The saga of the Title

OK, so I’ve related the story of finding the property up to the point where we made an offer.

The seller accepted the offer within a day or two and then the next phase began…trying to get it done.

I will not purchase a property without a clear title and title insurance. In the few times I’ve purchased property in my life, this has never been an issue, it’s been mainly a formality. Not this time.

The first problem revolved around the fact that the property we bought was actually two separate parcels. The second parcel was a rectangle of about 2 acres that was completely enclosed within the larger parcel. Basically, the people who owned the big piece at one point gave the smaller piece to one of their children to put a trailer on and live on.

The people who owned the big parcel had passed away without a will. Somehow the property passed to a descendent without any record of the ownership being passed and that descendant subsequently passed (after burning her house down semi-intentionally (she meant to start the fire on the front porch but didn’t intend to burn the house down) and going to jail for arson as a result). The seller was a second generation descendent of the listed owners and the executor of the estate of the last person who lived there. In summary, ownership was a bit murky…additionally, there were several other descendants (and their descendants) who had a potential ownership interest as well.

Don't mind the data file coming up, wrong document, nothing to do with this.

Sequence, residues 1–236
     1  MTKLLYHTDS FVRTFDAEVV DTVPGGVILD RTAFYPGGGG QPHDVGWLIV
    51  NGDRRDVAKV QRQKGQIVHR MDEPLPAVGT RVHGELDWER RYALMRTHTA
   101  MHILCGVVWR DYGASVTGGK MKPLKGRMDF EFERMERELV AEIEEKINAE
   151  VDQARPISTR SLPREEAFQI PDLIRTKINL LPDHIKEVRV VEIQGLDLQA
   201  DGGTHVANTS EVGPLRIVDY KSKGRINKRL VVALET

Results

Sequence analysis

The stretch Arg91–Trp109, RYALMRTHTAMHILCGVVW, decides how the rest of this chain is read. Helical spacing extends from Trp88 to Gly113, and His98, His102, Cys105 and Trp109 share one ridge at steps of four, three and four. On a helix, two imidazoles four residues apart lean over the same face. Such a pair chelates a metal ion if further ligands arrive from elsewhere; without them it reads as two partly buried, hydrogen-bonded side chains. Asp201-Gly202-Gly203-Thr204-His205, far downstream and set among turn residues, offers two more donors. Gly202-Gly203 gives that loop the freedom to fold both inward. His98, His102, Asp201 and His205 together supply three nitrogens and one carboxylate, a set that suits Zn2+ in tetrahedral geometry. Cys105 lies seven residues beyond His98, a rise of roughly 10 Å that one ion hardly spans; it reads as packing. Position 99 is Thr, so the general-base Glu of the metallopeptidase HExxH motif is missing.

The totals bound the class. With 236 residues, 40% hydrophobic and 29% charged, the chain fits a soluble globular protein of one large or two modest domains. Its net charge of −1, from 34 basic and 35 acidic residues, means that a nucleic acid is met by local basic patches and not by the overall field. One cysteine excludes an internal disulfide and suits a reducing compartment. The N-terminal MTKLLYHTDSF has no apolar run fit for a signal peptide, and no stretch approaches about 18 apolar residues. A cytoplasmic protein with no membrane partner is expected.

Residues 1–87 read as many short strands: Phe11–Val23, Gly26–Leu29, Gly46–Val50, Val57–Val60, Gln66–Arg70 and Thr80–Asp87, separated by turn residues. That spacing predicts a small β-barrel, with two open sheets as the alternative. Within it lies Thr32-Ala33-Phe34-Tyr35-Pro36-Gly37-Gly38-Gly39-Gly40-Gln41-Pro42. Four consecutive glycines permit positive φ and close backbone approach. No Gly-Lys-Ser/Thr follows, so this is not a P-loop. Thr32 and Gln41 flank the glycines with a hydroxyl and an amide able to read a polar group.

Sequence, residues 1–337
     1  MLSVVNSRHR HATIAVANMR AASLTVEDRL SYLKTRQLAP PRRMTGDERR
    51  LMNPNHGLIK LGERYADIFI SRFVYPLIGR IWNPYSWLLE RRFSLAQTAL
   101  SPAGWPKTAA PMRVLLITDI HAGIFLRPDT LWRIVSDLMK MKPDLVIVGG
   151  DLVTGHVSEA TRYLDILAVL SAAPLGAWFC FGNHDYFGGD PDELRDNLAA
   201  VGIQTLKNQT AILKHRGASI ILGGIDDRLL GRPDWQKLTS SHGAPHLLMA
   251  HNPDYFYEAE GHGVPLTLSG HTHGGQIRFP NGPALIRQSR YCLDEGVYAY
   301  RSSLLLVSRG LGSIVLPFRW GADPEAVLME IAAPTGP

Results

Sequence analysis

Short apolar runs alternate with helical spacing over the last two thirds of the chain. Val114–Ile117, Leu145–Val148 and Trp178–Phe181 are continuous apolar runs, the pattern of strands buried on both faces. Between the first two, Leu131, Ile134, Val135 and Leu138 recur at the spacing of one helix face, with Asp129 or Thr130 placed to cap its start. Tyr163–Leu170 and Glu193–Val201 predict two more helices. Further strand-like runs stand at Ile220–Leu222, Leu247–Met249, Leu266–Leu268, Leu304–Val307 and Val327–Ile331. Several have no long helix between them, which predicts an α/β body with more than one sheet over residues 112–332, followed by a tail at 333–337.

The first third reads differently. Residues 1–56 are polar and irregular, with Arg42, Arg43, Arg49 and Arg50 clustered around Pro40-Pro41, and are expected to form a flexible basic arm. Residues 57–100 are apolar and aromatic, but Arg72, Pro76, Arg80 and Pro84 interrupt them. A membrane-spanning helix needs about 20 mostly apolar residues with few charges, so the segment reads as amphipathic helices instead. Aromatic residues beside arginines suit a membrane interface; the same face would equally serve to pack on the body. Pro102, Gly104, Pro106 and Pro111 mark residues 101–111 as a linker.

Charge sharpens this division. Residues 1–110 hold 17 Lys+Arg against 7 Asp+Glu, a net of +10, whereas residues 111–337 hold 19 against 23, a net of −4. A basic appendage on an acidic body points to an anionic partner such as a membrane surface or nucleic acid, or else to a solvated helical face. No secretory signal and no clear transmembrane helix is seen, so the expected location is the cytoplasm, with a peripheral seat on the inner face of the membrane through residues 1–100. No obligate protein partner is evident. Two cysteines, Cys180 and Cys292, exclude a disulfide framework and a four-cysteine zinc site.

As for the smaller parcel, it had apparently been sold or gifted to another extended family member at some point, but there had also had a judgement against it for taxes, had been seized by the county, the county had tried to auction it off, but no one bought it, then the delinquent owner paid the taxes and got ownership of the property back. Wow.

So, the seller and the title company had to track down every possible descendent of the owners of the big parcel and get them to sign quitclaim deeds relinquishing any ownership interest in the property. They also had to ensure that the same was done for the smaller property, because ownership there was a little vague as well, they also had to ensure that the county signed off on vacating their acquisition of the property and that all the taxes had been paid. There was also some other document that needed to be signed by any people with potential ownership interest that were senior citizens to certify that they were clear on what the implications of signing the quitclaim deeds were and that they weren’t being taken advantage of.

Needless to say, this took quite a long time.

Honestly, had the property not been so perfectly suited for our needs, we’d have dropped out as soon as it became obvious that closing was going to go past the expiration of our initial contract, but the bottom line is that the property fit our needs perfectly. I hated to pass it up and not find anything else suitable, so we stayed in there…for a while.